(Posted August 7, 2020) Around here, this week will be better remembered for the weather than for appellate developments. Tidewater and other parts of eastern and northern Virginia got an unwelcome visit from a tropical storm on Tuesday, and one section of Virginia Beach saw 6” of rain in one afternoon. Meanwhile, things have been quiet at Ninth and Franklin; there were no writ grants and no new decisions handed down by the SCV this week, published or otherwise.

The Court of Appeals didn’t let us down; we saw two published opinions this week, including a novel question of statutory priority. In Holloway v. Commonwealth, a panel of the court considered two seemingly contradictory statutes. The first is the prohibition on selling drugs, third or subsequent offense. That provides that a conviction requires at least a ten-year sentence, “which shall be a mandatory minimum term of imprisonment to be served consecutively with any other sentence.” That seems clear enough.

But another statute offers succor to a defendant who offers substantial assistance to prosecutors:

Notwithstanding any other provision of law or rule of court, upon motion of the attorney for the Commonwealth, the sentencing court may reduce the defendant’s sentence if the defendant, after entry of the final judgment order, provided substantial assistance in investigating or prosecuting another person for (i) an act of violence as defined in § 19.2-297.1 ….

So, can the trial court use this provision to reduce what the law states is a mandatory minimum sentence? On Tuesday, the CAV panel concluded that the circuit court can indeed do that. The introductory phrase, “Notwithstanding any other provision of law,” means that this judicial-mercy statute applies even if any other legal provision would prevent its application.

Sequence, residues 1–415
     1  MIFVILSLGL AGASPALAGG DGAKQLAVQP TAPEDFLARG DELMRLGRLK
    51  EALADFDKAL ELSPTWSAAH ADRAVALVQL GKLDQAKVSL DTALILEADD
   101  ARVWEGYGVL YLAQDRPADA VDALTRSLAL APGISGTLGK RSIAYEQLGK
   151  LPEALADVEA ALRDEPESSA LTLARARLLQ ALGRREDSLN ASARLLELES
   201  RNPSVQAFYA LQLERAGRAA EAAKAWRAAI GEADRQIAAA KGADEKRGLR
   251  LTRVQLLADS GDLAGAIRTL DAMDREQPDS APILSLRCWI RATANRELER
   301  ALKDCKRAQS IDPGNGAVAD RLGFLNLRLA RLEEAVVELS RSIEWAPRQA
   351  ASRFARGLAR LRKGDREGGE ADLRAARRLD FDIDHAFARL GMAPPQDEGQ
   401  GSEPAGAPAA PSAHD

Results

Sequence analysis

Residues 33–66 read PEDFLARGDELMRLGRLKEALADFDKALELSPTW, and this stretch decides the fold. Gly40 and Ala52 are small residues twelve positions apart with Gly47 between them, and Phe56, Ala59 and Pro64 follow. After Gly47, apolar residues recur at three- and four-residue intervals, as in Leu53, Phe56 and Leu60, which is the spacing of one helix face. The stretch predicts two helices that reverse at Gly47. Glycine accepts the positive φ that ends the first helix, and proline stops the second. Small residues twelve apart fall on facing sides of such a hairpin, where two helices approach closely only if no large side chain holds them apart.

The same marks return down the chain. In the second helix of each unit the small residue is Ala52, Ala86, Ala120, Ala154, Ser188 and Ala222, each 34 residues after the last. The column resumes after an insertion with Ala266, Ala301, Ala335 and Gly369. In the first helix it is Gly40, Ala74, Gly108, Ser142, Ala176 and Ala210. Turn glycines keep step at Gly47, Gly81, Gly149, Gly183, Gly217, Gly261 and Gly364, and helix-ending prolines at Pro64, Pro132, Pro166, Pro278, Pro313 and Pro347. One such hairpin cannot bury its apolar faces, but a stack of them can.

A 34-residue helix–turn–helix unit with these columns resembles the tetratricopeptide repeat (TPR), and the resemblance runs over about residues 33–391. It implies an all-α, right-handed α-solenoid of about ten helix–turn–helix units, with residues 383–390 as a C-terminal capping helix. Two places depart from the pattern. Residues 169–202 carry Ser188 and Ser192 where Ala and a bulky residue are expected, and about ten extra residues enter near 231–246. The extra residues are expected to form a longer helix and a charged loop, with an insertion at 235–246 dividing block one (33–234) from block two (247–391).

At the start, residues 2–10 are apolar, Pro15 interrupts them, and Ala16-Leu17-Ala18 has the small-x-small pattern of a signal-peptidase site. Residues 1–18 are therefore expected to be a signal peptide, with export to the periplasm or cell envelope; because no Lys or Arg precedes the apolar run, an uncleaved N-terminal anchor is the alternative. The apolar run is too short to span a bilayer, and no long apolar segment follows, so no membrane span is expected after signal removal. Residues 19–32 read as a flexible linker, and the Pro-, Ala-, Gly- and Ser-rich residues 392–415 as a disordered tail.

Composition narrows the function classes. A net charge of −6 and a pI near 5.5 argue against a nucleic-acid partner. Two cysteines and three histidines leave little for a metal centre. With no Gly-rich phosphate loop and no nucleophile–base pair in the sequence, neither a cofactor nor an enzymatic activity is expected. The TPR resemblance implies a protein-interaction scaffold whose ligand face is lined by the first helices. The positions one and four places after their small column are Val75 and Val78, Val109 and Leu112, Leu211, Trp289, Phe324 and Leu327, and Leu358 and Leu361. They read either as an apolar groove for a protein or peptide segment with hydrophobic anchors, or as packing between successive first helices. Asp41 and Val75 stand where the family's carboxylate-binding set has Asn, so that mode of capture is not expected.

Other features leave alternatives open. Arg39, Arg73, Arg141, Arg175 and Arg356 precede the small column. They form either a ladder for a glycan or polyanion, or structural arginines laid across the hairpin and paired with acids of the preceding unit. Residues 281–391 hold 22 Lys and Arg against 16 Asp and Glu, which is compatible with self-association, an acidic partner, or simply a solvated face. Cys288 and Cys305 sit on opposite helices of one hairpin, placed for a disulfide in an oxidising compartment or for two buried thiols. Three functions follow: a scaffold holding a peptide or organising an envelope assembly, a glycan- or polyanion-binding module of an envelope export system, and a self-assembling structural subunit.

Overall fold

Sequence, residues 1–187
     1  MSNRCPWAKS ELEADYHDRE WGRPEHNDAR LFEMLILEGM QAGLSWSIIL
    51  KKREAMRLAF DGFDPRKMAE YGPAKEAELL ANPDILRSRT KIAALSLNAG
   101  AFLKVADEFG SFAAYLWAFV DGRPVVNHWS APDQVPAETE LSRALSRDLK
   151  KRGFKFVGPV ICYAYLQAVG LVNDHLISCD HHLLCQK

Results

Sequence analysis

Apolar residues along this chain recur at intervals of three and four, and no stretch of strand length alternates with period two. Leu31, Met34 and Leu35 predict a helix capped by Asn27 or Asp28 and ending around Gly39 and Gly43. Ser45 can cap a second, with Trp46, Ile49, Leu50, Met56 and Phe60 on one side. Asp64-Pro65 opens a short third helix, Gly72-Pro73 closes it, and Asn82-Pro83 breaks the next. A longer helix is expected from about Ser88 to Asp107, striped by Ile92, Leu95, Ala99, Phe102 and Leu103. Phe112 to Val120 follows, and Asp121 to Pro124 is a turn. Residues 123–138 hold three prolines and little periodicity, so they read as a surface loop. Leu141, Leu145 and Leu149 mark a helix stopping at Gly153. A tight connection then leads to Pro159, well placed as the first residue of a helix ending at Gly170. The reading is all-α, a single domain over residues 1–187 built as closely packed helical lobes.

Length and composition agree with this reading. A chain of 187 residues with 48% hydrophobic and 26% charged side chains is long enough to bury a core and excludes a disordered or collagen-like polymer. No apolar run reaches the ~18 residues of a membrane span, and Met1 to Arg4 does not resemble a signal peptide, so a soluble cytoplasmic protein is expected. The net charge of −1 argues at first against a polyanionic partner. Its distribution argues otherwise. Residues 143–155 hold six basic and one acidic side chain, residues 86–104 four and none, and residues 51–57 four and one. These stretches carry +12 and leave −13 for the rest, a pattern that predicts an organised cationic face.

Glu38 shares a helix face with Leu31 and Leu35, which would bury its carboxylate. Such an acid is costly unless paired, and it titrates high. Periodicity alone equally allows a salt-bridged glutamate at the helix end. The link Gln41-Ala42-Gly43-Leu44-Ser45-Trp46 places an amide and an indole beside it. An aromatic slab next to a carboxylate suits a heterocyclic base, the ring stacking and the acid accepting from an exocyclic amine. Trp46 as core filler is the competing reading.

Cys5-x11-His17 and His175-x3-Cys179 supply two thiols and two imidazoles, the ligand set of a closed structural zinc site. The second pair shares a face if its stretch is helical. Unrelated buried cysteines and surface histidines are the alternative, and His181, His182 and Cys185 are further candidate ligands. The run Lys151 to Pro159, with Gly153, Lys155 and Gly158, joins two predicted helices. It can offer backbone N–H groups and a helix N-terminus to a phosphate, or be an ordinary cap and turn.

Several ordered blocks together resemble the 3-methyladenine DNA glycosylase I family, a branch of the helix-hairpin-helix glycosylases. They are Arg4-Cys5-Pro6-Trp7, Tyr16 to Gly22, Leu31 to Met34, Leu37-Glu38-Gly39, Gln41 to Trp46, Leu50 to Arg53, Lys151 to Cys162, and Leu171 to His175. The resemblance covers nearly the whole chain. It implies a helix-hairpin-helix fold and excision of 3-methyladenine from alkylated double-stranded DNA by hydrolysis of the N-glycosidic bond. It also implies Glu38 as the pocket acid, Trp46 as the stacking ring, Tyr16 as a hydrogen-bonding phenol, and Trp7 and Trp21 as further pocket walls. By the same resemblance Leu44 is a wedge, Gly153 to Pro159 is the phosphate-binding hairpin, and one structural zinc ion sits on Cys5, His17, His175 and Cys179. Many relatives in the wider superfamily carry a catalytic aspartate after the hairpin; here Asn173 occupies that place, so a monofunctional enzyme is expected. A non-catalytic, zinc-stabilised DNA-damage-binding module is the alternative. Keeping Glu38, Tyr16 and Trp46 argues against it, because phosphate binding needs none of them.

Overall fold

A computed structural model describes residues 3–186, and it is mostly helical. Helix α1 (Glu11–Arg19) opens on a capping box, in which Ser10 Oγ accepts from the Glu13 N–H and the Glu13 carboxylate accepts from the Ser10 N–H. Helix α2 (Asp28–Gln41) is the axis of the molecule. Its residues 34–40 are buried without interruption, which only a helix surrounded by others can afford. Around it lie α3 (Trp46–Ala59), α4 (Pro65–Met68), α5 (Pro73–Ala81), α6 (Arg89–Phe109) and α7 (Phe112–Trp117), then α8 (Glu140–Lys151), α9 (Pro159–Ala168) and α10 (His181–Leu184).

In this case, the circuit-court judge had declined to reduce Holloway’s ten-year sentence, feeling that he was powerless to do so. This new ruling sends the case back down so the judge can consider whether to do so. It’s a ruling of first impression, from what I can discern.


Programming note: Next week I’ll be away from the keyboard, so if any hot new rulings come down, I’ll cover them when I return to the office on Monday, August 17. I hesitate to mention this publicly, because those playful scoundrels in the Supreme Court Building might take this as a good opportunity to hand down a bushel-basketful of new decisions. But I don’t fear mentioning it here; they always seem to know when I go away for a week anyway, whether I mention it or not. Be well, folks, and I’ll get back to you when I return.